To: Nyack Code Review Committee
From: Bob Galvin, Village Planner
CC: Steve Knowlton, Don Hammond, Walter Sevastian, Doug Foster, Don Yacopino, Jim Politti
Re: Land Use Administration and Technical Advisory Committee – Follow Up
The Committee met in July to review priorities and develop a sense of what issues the Committee should address. In the meantime, we have received increasing requests for development projects in the DMU as well as currently meeting with the proposed developers of the Acker Property. For all of these projects as well as others in the discussion stage, there are legitimate issues with density, number of stories and height as well as streamlining the land use process. There will be increasing pressure to deal with these issues as soon as possible. To move forward the work of the Committee, I have prepared the following:
- Revised Goals with related actions
- Scorecard including the Pro’s and Con’s of specific actions being evaluated for each of these objectives.
- List of Priority Action Items
The objective is to have specific members take ownership of a specific initiative and obtain feedback from the overall Committee on specific issues (via email). The Committee should meet as soon as possible to test the concepts, develop alternatives, refine and begin sending recommendations to the BOT. I am available to provide additional staff research and coordination.
The following Committee Goals are proposed:
- Reduce the burden on Land Use Boards, making the process more understandable, with less duplication and complication, more clarity for each board’s roles and responsibilities and provide more time for boards to focus on providing more effective and timely review with better outcomes for both board members and applicants.
- Reduce the burden on the Building Department, provide less time and staff resources for board administration, provide more clarity to the code with less complicated procedures, possible reduction of variance requests with more time and focus on plan review.
- Make the Land Use Process more Understandable and Predictable for Applicants and Reduce the burden on homeowners for smaller property improvements/modifications, more clarity, less board duplication, reduction in possible variance requests, reduce number of smaller applications with less demand for staff, administrative and board resources, more timely and efficient process, more predictable outcome.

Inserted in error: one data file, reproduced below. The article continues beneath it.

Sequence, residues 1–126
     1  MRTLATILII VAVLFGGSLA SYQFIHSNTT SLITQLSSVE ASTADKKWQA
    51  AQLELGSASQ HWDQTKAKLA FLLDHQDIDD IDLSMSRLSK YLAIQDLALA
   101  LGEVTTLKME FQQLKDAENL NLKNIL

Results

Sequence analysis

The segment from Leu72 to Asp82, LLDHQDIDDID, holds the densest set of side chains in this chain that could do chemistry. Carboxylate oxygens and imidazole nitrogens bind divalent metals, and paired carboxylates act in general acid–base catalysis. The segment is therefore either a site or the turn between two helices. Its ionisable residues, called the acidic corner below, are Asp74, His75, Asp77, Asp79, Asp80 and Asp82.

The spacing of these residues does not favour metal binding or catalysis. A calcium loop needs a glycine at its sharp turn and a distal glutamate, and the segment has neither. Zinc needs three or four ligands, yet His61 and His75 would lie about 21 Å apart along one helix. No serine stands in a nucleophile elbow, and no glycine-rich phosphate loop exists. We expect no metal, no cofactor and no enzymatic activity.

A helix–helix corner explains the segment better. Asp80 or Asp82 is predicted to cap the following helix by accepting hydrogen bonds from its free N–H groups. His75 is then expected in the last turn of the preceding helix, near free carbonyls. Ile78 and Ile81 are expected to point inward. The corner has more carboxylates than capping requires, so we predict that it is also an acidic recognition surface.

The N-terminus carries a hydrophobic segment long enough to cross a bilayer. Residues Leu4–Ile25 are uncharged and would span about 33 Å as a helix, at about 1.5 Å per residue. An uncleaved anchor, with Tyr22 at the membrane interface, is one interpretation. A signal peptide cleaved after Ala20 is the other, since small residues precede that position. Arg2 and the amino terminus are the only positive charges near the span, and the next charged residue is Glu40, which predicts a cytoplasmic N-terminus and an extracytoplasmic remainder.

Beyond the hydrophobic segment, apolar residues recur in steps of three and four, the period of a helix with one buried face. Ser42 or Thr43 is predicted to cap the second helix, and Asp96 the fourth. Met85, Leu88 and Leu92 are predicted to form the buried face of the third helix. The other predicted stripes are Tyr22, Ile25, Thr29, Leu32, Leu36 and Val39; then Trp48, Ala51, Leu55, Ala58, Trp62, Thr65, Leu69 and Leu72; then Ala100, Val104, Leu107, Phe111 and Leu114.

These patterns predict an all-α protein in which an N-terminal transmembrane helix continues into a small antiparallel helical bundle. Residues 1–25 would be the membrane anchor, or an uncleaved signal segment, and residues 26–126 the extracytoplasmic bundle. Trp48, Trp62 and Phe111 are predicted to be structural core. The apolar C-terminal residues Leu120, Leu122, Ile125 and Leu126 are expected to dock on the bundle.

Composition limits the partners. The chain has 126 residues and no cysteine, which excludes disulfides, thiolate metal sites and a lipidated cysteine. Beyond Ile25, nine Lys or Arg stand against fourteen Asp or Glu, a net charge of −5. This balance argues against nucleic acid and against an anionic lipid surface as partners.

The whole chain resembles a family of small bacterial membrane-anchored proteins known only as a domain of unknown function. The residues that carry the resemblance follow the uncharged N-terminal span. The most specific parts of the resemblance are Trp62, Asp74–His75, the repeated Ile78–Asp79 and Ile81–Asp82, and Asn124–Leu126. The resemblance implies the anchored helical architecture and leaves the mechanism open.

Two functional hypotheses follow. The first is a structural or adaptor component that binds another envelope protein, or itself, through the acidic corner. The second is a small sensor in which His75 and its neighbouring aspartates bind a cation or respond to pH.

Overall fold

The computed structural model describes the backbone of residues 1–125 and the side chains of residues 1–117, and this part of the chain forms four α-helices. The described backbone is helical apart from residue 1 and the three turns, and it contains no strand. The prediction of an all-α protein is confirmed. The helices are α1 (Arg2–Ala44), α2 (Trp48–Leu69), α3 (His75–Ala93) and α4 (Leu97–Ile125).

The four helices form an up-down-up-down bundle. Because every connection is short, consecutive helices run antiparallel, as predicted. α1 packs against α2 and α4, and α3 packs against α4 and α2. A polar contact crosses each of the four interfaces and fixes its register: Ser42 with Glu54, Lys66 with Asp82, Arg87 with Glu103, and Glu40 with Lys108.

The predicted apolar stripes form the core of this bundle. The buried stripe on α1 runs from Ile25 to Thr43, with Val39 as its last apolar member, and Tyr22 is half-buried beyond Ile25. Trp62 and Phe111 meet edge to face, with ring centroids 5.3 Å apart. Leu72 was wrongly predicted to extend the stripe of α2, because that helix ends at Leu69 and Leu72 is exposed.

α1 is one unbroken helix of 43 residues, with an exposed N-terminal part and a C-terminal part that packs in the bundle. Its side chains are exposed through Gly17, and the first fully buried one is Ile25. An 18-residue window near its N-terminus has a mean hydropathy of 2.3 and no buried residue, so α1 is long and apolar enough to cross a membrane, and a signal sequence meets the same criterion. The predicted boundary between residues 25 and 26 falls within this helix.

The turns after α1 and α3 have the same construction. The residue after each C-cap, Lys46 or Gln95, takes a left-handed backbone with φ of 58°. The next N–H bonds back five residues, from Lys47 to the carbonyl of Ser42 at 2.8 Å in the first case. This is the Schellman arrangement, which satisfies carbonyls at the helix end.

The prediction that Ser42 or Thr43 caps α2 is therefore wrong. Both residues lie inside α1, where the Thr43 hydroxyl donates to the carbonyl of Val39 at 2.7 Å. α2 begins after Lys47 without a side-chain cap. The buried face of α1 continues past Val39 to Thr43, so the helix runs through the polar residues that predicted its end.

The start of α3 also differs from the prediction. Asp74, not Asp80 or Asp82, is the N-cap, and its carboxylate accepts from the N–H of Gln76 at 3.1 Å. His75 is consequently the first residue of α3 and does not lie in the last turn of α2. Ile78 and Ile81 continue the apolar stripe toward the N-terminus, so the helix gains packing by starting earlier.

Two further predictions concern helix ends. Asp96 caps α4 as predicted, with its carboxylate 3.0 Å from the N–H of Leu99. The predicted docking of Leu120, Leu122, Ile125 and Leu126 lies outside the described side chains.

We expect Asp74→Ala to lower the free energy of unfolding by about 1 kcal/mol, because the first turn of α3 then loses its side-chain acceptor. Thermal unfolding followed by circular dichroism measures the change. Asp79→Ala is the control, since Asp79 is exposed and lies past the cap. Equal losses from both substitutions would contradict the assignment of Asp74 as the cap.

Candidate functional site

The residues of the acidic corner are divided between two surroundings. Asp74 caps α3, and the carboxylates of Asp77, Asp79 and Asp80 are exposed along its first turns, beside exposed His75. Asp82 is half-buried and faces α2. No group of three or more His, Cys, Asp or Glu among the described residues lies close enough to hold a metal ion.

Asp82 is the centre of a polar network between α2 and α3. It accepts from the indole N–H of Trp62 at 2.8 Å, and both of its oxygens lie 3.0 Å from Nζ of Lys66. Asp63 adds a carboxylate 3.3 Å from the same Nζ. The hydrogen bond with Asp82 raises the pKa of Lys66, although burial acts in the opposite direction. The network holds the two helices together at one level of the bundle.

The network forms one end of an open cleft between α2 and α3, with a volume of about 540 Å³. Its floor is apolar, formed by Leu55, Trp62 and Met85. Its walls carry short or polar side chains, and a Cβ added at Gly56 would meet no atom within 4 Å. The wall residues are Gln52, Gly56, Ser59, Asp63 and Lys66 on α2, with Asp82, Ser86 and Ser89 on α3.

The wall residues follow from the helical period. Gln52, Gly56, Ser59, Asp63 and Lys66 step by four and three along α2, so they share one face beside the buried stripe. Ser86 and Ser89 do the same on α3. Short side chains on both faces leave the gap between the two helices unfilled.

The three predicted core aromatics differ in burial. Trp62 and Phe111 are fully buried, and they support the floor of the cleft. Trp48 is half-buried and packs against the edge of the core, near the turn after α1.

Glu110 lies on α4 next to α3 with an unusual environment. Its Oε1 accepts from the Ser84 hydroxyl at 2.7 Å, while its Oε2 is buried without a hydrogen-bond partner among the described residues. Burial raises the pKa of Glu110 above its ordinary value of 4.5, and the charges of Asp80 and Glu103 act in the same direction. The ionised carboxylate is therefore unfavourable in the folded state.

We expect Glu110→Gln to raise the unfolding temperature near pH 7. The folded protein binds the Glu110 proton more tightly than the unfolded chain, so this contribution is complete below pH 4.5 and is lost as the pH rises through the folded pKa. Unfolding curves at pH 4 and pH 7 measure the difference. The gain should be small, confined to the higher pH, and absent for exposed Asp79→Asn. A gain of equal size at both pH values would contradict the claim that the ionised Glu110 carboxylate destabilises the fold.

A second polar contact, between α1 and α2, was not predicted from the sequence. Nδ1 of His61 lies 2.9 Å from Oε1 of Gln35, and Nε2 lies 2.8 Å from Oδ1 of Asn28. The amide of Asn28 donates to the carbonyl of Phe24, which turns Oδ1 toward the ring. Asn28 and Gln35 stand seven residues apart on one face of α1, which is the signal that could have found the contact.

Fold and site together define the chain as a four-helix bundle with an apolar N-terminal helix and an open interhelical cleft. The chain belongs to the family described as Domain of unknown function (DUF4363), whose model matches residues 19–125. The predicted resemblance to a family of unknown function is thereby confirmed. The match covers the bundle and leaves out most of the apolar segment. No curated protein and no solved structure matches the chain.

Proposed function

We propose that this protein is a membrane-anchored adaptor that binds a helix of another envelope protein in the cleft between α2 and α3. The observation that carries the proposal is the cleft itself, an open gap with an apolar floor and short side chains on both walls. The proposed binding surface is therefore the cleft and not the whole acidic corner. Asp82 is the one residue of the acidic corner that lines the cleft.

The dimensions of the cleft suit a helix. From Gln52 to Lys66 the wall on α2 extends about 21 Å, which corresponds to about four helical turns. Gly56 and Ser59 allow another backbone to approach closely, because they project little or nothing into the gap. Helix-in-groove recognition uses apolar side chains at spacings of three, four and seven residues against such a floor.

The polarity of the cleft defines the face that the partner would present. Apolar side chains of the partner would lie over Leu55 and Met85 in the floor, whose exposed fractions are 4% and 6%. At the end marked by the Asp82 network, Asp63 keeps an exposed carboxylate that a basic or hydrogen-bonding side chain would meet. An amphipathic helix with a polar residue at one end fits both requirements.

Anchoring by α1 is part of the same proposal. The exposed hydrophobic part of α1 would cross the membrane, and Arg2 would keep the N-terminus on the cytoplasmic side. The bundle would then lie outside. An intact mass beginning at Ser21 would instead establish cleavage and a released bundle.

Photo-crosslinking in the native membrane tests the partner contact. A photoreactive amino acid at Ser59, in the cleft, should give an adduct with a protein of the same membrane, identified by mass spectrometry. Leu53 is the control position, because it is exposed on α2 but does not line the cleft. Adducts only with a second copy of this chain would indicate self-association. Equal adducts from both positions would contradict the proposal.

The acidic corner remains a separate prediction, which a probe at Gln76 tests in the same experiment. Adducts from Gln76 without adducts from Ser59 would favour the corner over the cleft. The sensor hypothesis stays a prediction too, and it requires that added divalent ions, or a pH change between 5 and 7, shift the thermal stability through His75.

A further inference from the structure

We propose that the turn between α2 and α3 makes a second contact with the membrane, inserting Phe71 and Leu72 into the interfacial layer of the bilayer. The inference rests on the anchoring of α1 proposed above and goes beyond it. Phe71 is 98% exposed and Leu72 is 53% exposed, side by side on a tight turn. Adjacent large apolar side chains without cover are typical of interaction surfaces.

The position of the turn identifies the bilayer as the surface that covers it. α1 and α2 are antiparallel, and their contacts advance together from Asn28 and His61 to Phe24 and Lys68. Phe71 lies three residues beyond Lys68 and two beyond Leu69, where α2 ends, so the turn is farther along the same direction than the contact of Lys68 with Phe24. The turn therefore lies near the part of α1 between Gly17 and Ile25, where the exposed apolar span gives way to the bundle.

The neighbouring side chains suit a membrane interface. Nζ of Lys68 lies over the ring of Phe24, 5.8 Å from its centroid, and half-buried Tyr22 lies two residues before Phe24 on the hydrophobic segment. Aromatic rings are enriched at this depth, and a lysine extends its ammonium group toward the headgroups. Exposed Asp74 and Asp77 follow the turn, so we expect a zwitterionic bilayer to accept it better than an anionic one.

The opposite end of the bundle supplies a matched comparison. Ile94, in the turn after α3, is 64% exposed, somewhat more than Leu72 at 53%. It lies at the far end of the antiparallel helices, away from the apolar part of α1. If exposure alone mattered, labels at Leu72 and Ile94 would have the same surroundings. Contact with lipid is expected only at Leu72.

- Protect and Maintain the Integrity of Community Character.
Related Action Items/Lead Persons
- Streamlining the Land Use Application Process (Steve Knowlton/Don Hammond)
o Elimination of Selected Noticing Requirements
- ARB sign applications – eliminate public hearing and mailing notification. Limit sign application only to the posting of a sign due to timing and cost considerations to the Village and applicant and goal of streamlining process.
- Tree Removal Applications for Planning Board – same as above- posting sign should be sufficient.
o Evaluate Site Plan process and which applications need to go before the Planning Board and which can be handled administratively by the building department. It appears that almost everything needs to go before the Planning Board.
o Multiple board involvement in most every application also needs to be balanced against the goal of streamlining the land use process. For example, a single family home expanding a rear deck will need site plan approval, a possible ZBA variance and ARB approval. Additionally, the ARB and Planning Board would provide recommendations to the ZBA if necessary. An application for a demolition permit would go to the ARB and Planning Board.
o Evaluation of ARB’s Role in the Land Use Process:
( Resource: Powerpoint on Design Guidelines by John Frye, AIA of the Ossining Village Planning Board/BAR. This discusses the ARB and Planning Board relationships presented at a land use seminar which focused on several approaches to design review and guidelines. Villages of Ossining and Tuckahoe have a combined Planning Board/ARB.)
a) How to address issues in the ARB process:
- Merging the functions of the ARB into the PB – can leave number of Planning Board members at 5 or add two members of existing ARB to PB, raising total number to 7
- Advisory – Making the ARB advisory to the Planning Board and establishing a value threshold for triggering review of single family and two family residences by the ARB as well as targeted review to commercial/industrial/multi-family and elements visible from the adjacent street. ARB still would have regulatory approval for signs. (There are no local landmarked structures or historic districts in the Village.)
o Streamline Tree Removal Permit Process – evaluate recommendations of the “GI” Roundtable Report pertaining to Tree Removal process (found in Appendix III, Nyack Green Infrastructure Report, June 13, 2013).
- Density and Zoning Code Text Changes (Doug Foster/Don Yacopino)
This would focus on several identifiable issues effecting downtown development and address near term development of larger properties. This review should have an impact on economic development and furthering the concept of the Comprehensive Plan.